I used to be one of those no-nonsense drivers. Fuel up early, pack lunch, drive a steady 15 miles over the speed limit and don’t stop until we get there. Then, many summers ago, I studied abroad in South Africa and took a road trip with my classmates to Kruger National Park. They stopped at EVERY scenic overlook. I honestly didn’t even know what a scenic overlook was. In the States, I just sped by the signs. In what might have been the longest drive ever, we saw incredible mountain views, had wonderful conversations and got in the car singing at the top of our lungs. We eventually got where we were going, but more importantly we got there happy.
This scenario is a metaphor for what often happens in higher education. Too many colleagues are driving full speed ahead, never stopping to renew and soak up some inspiration. Those in student affairs are working an insane number of hours on campus. They are in the office by the early morning for an all-day slate of meetings, one-on-ones, training, strategic planning sessions, etc. By 8 p.m., when many others are comfortably home, student affairs professionals are often gearing for some major campus event. The day is packed so full that there is literally no time to think.
Those on the academic side also have their feet pressed to the pedal. The race to tenure has created a culture of work-crazed scholars. Faculty routines are packed with committee meetings, multiple projects and pressure to publish, not to mention teaching. Everyone is in a race to be the busiest person on campus. Still, being the busiest professional in your field does not make you the most productive person in life.
We all need to pull over — to get off the assembly line. An assembly line is about uniformity and expediency, everything is made quickly and looks the same. Such is the case with higher education. Our campuses are formulas and our career trajectories are simply templates. And the deeper questions still remain, “What is your purpose in life?” and “What specific innovation and creative imagination do you bring to this field?”
We need to cultivate a culture of contemplation and joy. When I led a student affairs office, I did work crazy hours. However, I also made it OK in our office to embrace the word “no.” That simple word can feel like freedom when it is used wisely. We said no to some campus meetings. We allowed ourselves to close our doors and think. You should stop for students who need you. But let’s be real, every student visit is not an emergency and every campus meeting isn’t urgent. If you are actively engaged with students, a student can walk by a closed door and know for sure that you are busy working for them. They will come back because they value both your work and your wisdom.
I’ve spent much of my career working in overdrive, and I literally wore my body out. In 2009, I decided on a lifestyle change and accepted a faculty position. I had dreams of my new faculty lifestyle — reading books at cafes in the afternoon. But as much as I joked about taking it easy, admittedly ambition and competitiveness were in the passenger seat as I headed into my new career. I secretly planned to take the professoriate by storm, but, after accepting the new job, I was diagnosed with lupus, a disease in which an overworked immune system begins attacking the body to death. Then, six months later, another bombshell: breast cancer. I was a 34-year-old, single, African-American woman. My life completely changed. Lupus and cancer forced me to a complete stop. My body simply couldn’t take it anymore.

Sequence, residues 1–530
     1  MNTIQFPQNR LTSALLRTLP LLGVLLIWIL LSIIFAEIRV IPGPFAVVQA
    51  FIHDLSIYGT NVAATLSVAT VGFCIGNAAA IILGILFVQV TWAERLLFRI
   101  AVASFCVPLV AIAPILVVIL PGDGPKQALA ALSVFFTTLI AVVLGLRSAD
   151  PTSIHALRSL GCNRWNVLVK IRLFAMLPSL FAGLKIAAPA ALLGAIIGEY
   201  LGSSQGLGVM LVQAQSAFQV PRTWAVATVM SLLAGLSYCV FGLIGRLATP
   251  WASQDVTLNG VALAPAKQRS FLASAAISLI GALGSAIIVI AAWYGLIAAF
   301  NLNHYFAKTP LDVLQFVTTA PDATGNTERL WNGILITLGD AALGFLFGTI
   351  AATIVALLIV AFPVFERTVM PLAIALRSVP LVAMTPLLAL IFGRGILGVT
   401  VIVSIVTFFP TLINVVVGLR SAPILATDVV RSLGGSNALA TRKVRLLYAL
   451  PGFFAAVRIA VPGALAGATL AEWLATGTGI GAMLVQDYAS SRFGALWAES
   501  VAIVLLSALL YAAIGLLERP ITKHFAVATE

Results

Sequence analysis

I had to learn as much about health, disease and nutrition as I know about culture and college student development. I had to put me first. In the long term, putting me first means making the time to go home and rest, to cook healthy meals, to exercise, to meditate, and to have fun with friends and family. For years, I watched college students live full lives — pursue careers, dive into relationships, party, take road trips, volunteer, grow and develop. That seems like a master plan for happiness. Maybe they should be teaching us.
With a new view of life, I still managed to have a fulfilling first year as a faculty member. I published articles, planned a campus program, sent off book manuscripts and chose to teach while undergoing chemotherapy because teaching brings me joy (not because teaching will win me points). I only did things that fulfilled my spirit. I was productive, but most importantly I was happy. After cancer, the race for awards, tenure and recognition doesn’t matter. In fact, no award can even compete with the feeling after receiving a clear CT scan. My life is in perspective. And I hope you can join me, pulled over on the side of life’s road soaking up some sun, purpose and inspiration.
Dr. Toby S. Jenkins is an assistant professor of higher education and integrative studies at George Mason University.